If the Text List object is displaying an array, you can use the arraysearch( function to find out the row number. This example assumes that there is a list of airports in the variable Airports, it scrolls the list to make sure SFO is visible.

let airportRow = arraysearch(Airports,"SFO",1,cr())
if airportRow>0
    objectaction "Airport List","scrolltorow",airportRow

If your Text List object has multiple columns (see Text List Multiple Columns) you can use the "scrolltocolumn" action to scroll horizontally. For example, this code will make the first row visible.

objectaction "Airport List","scrolltocolumn",1

Position and Size of Rows, Columns and Cells

The "rowrectangle", "columnrectangle" and "cellrectangle" actions allow code to determine the physical location and size (i.e. rectangle) of any item in the list. For example this code determines the location and size of the 3rd row.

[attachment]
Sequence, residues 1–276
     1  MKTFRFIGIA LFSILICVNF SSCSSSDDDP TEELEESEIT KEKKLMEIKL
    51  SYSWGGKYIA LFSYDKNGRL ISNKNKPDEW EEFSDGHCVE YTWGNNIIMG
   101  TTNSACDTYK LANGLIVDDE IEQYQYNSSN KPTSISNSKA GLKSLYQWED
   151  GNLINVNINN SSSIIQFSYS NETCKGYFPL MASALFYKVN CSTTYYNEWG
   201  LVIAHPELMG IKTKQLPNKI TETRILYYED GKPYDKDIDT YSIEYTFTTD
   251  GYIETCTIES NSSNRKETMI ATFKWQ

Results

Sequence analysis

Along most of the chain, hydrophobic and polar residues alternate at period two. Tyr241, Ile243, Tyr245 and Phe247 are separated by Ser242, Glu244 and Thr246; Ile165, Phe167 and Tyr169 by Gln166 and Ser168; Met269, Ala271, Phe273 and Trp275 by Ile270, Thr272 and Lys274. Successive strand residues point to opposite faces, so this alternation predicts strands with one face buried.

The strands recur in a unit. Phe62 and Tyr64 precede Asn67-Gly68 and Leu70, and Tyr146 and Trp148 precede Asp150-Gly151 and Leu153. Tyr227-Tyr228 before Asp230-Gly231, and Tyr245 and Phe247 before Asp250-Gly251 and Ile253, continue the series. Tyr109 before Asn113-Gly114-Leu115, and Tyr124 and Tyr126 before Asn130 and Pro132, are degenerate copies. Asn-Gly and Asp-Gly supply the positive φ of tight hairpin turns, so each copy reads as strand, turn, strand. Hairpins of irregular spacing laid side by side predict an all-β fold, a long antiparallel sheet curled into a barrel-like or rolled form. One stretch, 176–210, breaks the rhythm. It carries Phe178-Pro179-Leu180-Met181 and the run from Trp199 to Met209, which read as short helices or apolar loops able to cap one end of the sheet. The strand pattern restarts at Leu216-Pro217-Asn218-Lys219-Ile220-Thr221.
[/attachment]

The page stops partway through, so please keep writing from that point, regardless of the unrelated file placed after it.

local rowRectangle
objectaction "Airport List","rowrectangle",3,rowRectangle

The rectangle that is returned by this action is in window relative co-ordinates. You can change this to screen or form relative co-ordinates using the xytoxy( function. For example if you wanted to use this rectangle with the draggraybox function you would need to convert it to screen relative co-ordinates.

The "cellrectangle" action requires that you specify both the row and the column. This example determines the location and size of the cell at the seventh row and second column.

local cellRectangle
objectaction "Airport List","rowrectangle",7,2,cellRectangle

Converting a Point to Rows and Columns

Use the "pointtocell" action to find out what row and column contain a specified point. Typically this is used to find out what row column the mouse is over.

local listRow,listColumn
let mouseSpot = xytoxy(info("mouse"),"s","f")
objectaction "Airport List","pointtocell", mouseSpot,listRow,listColumn

See Also


10.0NewNew in this version.